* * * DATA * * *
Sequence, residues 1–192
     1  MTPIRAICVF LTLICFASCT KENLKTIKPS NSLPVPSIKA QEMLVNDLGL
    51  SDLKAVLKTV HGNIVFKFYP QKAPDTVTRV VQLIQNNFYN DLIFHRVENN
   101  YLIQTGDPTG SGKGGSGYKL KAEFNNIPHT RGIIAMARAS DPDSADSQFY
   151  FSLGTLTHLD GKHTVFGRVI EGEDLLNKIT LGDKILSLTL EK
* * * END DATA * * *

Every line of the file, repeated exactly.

Sequence, residues 1–192
     1  MTPIRAICVF LTLICFASCT KENLKTIKPS NSLPVPSIKA QEMLVNDLGL
    51  SDLKAVLKTV HGNIVFKFYP QKAPDTVTRV VQLIQNNFYN DLIFHRVENN
   101  YLIQTGDPTG SGKGGSGYKL KAEFNNIPHT RGIIAMARAS DPDSADSQFY
   151  FSLGTLTHLD GKHTVFGRVI EGEDLLNKIT LGDKILSLTL EK